The Basic Economic Problem
Countries have a limited amount of resources. They are not enough in supply to produce all the goods and services required to satisfy the unlimited wants of people. Therefore economic agents have to make choice which results in an opportunity cost.
It refers to the apportionment of resources among the competing uses. Resources can best be allocated by finding an appropriate solution for each of the three questions of allocation.
Questions of Allocation
The following questions are common for all countries alike.
1. What to produce?
Countries can not produce all the goods and services demanded by their people. They need to decide what goods and services (and in what quantities) should be produced by using the available resources.
2. How to produce?
There are two methods of production a firm can employ in its production process.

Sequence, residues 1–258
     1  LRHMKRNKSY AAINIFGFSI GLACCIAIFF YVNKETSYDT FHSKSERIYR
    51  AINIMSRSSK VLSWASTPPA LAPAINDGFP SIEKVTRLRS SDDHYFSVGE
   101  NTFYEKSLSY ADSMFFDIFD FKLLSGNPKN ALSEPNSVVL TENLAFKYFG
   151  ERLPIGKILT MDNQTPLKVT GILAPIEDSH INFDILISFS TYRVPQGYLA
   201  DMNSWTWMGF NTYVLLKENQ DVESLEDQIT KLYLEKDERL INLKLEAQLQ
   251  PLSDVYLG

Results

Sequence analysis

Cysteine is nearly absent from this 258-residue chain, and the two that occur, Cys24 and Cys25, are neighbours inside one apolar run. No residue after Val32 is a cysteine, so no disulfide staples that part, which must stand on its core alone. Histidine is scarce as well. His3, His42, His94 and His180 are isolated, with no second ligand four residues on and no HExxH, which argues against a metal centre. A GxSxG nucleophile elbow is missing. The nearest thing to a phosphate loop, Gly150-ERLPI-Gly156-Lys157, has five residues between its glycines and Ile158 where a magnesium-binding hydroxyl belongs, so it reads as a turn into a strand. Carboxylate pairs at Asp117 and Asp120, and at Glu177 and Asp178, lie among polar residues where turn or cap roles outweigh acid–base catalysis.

a. Labour Intensive Method: Using more labours in the production process.
b. Capital Intensive Method: Using more capital in the production process.
3. For whom to produce?
The distribution of goods and services is based on the personal real income. The higher the income, the larger the share of the national output consumed. Therefore, we need to decide how the total real income should be shared out.
Conflicts of Interest
Resources are scarce. Most of them are non-replaceable. It indicates that utilization of more resources at present will reduce the supply of these resources for future consumption.
At the same time, we need to take into account the trade-off between Consumer goods and Capital goods. An increase in the production of capital goods at present will reduce the current production of consumer goods but will increase the future output of the latter.
A country can produce Cp1 capital goods and Cn1 consumer goods with its available resources. But, an increase in the output of capital goods from Cp1 to Cp2 would lead to a fall in consumer goods from Cn1 to Cn2.